What is Cognitive Behavioural Therapy?
Some of the techniques that are most often used with cognitive behavioural therapy include the following 9 strategies:
- Identifying negative thoughts
- Practicing new skills
- Cognitive restructuring
- Goal setting
- Problem solving
- Challenging assumptions
- Fact checking
- Self monitoring
Here is What is Cognitive Behavioural Therapy? All You Need to Know.
Welcome to today’s blog, where we will cover everything you need to know about cognitive behavioural therapy. You’ve probably heard of it before – most likely referred to by its acronym, CBT. Maybe you’ve been curious about how CBT could help you or what CBT even stands for. In either case, you’ve come to the right place.
CBT, or cognitive behavioural therapy, is a type of psychotherapeutic treatment that’s continually growing in popularity because of its effectiveness in helping people make positive changes to their mental health long term in a relatively short time window. It is a type of therapy where you learn to identify your present thought patterns and beliefs to change those that negatively influence your behaviors and emotions.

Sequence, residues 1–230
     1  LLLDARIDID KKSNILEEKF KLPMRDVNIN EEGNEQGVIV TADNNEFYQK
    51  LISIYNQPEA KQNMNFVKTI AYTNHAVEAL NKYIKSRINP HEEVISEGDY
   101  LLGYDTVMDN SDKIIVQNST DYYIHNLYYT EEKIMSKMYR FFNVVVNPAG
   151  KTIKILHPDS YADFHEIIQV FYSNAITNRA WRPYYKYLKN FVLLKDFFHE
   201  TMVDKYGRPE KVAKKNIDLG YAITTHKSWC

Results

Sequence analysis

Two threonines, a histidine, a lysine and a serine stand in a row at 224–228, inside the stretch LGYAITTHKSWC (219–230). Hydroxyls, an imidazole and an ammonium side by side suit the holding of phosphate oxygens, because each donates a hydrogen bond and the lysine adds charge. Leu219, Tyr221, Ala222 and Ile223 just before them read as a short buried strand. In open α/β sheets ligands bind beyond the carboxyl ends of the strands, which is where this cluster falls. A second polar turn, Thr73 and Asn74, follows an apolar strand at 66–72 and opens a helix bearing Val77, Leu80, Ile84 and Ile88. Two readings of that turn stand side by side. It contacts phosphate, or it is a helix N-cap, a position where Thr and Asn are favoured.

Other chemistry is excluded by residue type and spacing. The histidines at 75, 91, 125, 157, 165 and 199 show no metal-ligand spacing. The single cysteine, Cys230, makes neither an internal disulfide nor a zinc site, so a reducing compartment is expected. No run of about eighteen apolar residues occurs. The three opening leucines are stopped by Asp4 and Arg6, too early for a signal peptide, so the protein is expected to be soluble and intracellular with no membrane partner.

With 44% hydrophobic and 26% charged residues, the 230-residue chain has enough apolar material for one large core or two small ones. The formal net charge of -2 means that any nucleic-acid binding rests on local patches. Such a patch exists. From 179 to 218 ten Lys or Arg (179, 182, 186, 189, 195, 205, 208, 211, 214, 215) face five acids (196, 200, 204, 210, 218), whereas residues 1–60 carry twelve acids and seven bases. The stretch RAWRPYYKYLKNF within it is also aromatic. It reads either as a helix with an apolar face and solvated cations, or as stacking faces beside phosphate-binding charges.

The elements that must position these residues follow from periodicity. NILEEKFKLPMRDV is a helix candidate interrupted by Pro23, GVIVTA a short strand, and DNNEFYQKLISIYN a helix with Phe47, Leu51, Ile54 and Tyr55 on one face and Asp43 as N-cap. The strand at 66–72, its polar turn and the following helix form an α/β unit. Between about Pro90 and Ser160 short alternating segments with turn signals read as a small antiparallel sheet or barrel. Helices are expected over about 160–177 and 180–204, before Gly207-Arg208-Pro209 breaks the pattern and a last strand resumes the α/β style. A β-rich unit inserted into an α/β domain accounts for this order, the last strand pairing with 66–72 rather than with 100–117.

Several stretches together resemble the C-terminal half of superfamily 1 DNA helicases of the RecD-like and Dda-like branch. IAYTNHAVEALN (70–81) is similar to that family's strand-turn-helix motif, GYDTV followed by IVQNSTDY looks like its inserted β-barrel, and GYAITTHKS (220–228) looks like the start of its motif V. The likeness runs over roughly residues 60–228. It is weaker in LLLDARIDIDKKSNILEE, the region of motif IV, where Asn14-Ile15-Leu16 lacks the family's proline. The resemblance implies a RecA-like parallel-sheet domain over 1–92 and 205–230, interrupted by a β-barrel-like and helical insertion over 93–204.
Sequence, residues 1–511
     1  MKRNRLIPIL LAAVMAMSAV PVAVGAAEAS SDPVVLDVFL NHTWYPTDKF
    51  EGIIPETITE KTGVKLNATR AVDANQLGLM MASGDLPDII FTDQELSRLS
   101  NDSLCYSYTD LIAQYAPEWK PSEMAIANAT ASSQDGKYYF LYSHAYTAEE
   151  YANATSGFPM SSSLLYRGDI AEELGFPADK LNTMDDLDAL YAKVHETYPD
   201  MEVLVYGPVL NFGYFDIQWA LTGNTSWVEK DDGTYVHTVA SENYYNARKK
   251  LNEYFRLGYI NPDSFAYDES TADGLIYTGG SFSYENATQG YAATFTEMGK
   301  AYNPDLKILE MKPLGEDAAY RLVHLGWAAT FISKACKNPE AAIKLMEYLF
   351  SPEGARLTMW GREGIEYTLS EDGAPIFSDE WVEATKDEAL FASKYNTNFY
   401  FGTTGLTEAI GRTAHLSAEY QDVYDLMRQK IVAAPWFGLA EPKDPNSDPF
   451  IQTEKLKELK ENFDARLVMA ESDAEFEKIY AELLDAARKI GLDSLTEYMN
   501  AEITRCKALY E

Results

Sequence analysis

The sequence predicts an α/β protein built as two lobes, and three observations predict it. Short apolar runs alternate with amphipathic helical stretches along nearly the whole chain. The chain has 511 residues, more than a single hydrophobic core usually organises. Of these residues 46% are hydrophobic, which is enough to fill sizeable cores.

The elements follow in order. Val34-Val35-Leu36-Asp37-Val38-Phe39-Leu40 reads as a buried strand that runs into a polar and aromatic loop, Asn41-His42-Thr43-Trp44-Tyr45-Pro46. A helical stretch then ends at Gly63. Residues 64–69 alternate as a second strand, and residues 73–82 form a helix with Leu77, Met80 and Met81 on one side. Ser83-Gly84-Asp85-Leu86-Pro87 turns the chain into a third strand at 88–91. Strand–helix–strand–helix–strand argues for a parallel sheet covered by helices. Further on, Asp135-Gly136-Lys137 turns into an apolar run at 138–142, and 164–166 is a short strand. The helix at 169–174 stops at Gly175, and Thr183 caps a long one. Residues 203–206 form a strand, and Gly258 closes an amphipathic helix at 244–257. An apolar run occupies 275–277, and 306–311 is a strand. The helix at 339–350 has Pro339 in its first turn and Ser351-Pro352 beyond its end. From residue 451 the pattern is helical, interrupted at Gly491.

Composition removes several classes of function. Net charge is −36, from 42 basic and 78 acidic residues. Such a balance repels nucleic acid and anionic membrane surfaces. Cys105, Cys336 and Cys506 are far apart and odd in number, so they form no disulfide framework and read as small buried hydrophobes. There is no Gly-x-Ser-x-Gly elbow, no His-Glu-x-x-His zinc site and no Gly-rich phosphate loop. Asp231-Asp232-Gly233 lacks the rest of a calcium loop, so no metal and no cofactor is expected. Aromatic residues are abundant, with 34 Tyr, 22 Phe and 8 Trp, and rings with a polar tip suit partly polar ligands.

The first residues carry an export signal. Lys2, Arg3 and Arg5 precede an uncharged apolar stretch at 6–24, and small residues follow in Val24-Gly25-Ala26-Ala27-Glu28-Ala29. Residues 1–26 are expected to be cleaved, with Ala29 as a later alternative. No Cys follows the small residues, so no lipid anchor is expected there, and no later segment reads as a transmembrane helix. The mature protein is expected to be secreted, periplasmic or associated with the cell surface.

In this blog, we will explore everything there is to know about cognitive behavioural therapy, including who and why it can help, common techniques it uses, and how to get started if you’re interested in trying therapy!
What is Cognitive Behavioural Therapy?
Cognitive behavioural therapy is a type of psychotherapy (talk therapy) that helps people understand and change their thoughts and behaviours. It is one of the most effective forms of therapy available today and has been shown to help people with a wide variety of mental health issues and disorders.
CBT can be used as a relatively short-term treatment, meaning you work with a therapist or counselor, following a structured plan for a limited number of sessions. CBT helps you become aware of your negative or inaccurate thinking throughout these sessions and start responding to life’s challenges more positively and effectively.
CBT can play a significant role in improving our mental health. It focuses on changing our automatic negative thoughts that typically only give way to or worsen our current emotional struggles.
All in all, the thing to remember about CBT is that it helps us identify and challenge spontaneous thoughts that seriously affect our mood – or difficulties like depression and anxiety – then replace them with realistic, objective thoughts.
Who developed Cognitive Behavioural Therapy?